Once upon a time, when I was a young college student studying abroad in the UK, I was touring Cambridge with a group of my fellow exchange students when I spotted a funny street sign. I think it originally said something like, Brass rubbing £20, but some of the letters had been worn away so that it now said, ass rubbing £20 (obviously irresistable to my 20-year-old self’s sense of humour). Anyway, I struck an interpretive pose under the sign and as my friend got ready to snap a picture, an old man walking by commented, “If you’ve got it, flaunt it.”
Well, LSE sociologist Catherine Hakim agrees with him. She’s the author of, Erotic Capital: The Power of Attraction in the Boardroom and the Bedroom, and says that women should be exploiting their “erotic capital” (apparently that’s a thing now) to get ahead in the workplace. According to Hakim:
I coined the term erotic capital to cover a mixture of beauty, social skills, good dress sense, physical fitness, liveliness, sex appeal and sexual competence – a combination that makes some people attractive to colleagues, friends, business contacts and partners. These people smile at the world and find that the world smiles back and remembers them.
(Am I the only one who finds the tone of that last line hilarious?)
Hakim doesn’t seem to be suggesting that women can substitute good looks and charm for hard work and qualifications on the road to the top – she just thinks they’ll get us there faster. The idea that being attractive can help you get ahead isn’t exactly groundbreaking; most of us know that it’s a good idea to shower and brush your hair before a job interview (and Janis Ian wrote “At Seventeen” in the ’70s). But a key victory of the women’s movement – at least in the West – is that women don’t have to flirt, charm and manipulate their way to career success. In other words (pop culture ones), do we really want to return to Joan and Peggy’s Mad Men world? Joan expertly leverages her “exotic capital”, while Peggy employs this strategy more sporadically (and, I think, reluctantly), but I don’t think either woman gets what she really wants – respect? – this way. And that’s not just because it was 1960-something (for a thoughtful, well-written and tv-free analysis, read Yasmin Alibhai-Brown’s op-ed here). Sure, I can use my sexuality to gain advantage, but I’m not convinced I’d really be getting what I want in the end.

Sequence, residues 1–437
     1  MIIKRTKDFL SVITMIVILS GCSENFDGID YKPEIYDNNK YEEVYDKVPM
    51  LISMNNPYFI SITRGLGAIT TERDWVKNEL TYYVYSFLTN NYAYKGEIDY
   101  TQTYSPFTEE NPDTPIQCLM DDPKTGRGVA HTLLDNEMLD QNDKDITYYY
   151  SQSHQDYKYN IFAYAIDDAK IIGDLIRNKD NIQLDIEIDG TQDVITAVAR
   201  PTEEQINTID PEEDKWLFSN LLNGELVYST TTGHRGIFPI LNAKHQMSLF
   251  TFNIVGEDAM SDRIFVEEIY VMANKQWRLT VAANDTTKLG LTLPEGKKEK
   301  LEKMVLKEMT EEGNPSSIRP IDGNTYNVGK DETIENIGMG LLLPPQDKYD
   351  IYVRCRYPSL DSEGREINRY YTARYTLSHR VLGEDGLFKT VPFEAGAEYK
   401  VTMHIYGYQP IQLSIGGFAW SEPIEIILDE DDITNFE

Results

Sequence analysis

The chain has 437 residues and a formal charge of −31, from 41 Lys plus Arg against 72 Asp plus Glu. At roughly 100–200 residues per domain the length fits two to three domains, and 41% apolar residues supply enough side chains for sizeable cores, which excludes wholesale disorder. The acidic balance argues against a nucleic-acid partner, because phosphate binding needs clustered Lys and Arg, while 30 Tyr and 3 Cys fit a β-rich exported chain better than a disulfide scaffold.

And what of “unattractive” women (by the way, Hakim doesn’t specify how to distinguish the two)? The last thing young girls need is more pressure to be thin and pretty.
But what do you think? Leave your thoughts in the comments.